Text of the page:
A Review of “Good People” at Steppenwolf
“Good people” is agreat euphemism. It’s a phrase that helps avoid dealing with unpleasantries – good can mean s.o.b., jackass, prick…and any other descriptors that would probably activate this host’s auto censor.
The title is appropriate to the play. The setting, South Boston and Chestnut Hills aptly provides the background for the exploration of our conception of goodness. David Lindsay-Abaire’s Good People, at Steppenwolf through November 11th, seamlessly moves the audience between poor and rich, pride and shame, respectable and contemptible, good and bad. The set changes are integral to this.
From back alley to apartment kitchen to upscale office to Catholic school gym to suburban house and back to gym, the sets slide forward and back, from side to side and from above to keep the progression of the drama in motion.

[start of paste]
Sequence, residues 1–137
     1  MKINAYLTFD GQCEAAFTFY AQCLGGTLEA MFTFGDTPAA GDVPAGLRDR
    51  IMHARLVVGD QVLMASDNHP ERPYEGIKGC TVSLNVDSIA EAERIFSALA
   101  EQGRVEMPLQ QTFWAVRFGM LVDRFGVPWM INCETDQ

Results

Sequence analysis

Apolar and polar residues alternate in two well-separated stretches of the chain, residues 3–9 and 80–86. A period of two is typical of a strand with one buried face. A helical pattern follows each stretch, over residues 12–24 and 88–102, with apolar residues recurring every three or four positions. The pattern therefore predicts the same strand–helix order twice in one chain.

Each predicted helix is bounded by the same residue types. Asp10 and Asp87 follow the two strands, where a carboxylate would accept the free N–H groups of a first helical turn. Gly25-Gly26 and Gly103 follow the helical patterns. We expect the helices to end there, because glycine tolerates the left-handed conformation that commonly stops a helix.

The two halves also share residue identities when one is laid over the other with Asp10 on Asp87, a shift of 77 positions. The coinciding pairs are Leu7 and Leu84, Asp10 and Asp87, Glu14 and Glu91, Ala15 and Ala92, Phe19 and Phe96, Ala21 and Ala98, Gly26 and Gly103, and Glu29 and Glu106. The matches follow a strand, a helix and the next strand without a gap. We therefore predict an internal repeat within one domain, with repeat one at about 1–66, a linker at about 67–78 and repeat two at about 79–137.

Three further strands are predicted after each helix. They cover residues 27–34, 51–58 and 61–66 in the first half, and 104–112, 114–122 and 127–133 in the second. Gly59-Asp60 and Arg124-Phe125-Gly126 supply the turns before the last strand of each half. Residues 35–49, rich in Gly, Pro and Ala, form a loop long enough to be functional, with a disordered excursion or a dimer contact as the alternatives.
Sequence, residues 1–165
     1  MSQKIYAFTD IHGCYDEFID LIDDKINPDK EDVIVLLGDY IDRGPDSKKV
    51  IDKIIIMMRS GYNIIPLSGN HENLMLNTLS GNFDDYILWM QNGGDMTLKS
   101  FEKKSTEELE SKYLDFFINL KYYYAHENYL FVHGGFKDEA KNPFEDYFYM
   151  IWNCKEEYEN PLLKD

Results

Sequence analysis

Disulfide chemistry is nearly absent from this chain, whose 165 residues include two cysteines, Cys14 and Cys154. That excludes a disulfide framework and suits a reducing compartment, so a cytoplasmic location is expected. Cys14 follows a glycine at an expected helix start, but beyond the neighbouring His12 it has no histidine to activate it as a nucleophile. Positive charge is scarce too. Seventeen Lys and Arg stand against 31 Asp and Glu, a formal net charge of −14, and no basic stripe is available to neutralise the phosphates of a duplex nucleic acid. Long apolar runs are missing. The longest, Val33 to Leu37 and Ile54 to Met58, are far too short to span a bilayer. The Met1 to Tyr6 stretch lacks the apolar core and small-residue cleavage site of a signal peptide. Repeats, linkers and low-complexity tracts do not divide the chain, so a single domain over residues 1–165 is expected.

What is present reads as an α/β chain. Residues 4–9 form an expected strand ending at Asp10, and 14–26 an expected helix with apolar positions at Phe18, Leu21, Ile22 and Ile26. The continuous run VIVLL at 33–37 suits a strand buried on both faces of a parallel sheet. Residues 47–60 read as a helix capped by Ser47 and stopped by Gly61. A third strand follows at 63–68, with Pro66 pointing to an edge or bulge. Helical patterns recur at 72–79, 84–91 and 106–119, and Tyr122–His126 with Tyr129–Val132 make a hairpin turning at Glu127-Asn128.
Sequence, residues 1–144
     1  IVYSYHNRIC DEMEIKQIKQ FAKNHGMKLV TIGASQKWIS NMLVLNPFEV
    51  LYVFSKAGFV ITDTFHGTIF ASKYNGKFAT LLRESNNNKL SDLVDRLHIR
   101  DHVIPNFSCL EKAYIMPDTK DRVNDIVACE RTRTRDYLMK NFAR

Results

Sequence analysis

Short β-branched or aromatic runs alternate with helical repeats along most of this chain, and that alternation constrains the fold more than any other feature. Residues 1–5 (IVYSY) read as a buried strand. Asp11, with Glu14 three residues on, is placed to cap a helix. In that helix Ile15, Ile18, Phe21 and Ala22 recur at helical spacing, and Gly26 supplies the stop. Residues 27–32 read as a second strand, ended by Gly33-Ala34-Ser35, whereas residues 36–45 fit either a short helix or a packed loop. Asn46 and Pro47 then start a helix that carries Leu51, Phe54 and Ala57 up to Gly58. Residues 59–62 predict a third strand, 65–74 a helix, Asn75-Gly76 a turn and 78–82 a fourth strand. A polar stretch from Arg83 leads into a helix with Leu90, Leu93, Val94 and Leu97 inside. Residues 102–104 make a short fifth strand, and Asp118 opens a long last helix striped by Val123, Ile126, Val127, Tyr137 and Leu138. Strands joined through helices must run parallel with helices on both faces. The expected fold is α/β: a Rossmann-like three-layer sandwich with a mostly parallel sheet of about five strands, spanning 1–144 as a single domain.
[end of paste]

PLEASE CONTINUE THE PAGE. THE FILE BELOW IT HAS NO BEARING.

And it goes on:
The audience is moved as smoothly between two worlds – lace curtain and Southie, the Old Harbor Projects and Chestnut Hills. Few things show this difference as the invitation/dare to attend the birthday party…the suburban birthday party that one also saw as a job fair.
The home provides the setting for the climax, the battleground as it were, pitting memory against memory and attitude against attitude. Nice and good and respectable and hard-working and good/bad luck are upended and these are redefined, reconfigured back at the gymnasium in a grand resolution.